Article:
The second section is difficult to follow as it is quite small road and there are lots of twists and turns that Google seems to get confused with. However, the traffic is much lighter and the scenery much more enjoyable.

What is the first realistic stop on this route?

Getting to the airport is quite fast and your first stop for a drink and relax shouldn’t be until after this. QL2A is a good place to stop for a drink and collect everyone before you try to get onto the QL2C. All along the 2C, you will find small places to eat. Nothing special. It won’t be until you get to Tuyen Quang that you will find larger restaurants and more variety. Tuyen Quang is fairly small with little to see but it does make a very efficient halfway stop on the way to Ha Giang.

Where to get petrol?

The petrol station in Lac Long Quan is a good place to fill up. If you don’t, you can wait until you are past the airport and there are lots of stations on the QL2A. If you are unsure about how petrol works in Vietnam, you can have a look here.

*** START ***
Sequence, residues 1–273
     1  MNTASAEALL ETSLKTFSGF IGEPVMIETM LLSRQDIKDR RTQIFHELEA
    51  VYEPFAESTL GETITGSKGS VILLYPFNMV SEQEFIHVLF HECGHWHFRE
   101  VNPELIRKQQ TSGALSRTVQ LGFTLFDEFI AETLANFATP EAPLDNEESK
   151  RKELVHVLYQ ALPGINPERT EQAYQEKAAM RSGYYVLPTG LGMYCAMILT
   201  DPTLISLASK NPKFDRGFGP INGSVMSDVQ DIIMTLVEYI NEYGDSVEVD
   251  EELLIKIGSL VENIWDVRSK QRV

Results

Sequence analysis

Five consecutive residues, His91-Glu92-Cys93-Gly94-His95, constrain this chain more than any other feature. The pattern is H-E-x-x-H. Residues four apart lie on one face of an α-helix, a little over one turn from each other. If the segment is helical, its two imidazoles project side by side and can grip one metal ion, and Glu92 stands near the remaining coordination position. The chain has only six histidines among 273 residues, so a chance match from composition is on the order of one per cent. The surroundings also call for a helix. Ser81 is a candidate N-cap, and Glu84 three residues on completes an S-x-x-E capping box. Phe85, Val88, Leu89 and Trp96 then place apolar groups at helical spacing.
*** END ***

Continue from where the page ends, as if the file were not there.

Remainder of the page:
What CT roads to avoid?

The CT05 is a real tricky monster and it is quite hard to stay off it. I think this is because Google has hard work with all the small roads that surround it. Keep your wits about you, and your Google Maps correctly set, so that you can avoid going round in circles.

Interesting sites on the route?

On this route, the main attraction is the mountain range that runs alongside you. Of course, you will pass Noi Bai Airport (interesting for some, maybe) and you may be able to see the peaks of Tam Dao and Tam Dao Nord.

Route 7 – Yen Bai

This route is not that much fun until after Son Tay. This is when things start to get calmer and more interesting. Then following the river becomes quite pleasant.

Waypoints (to type into Google):

Thang Long Bridge / Phung / Son Tay

Why would you take this route?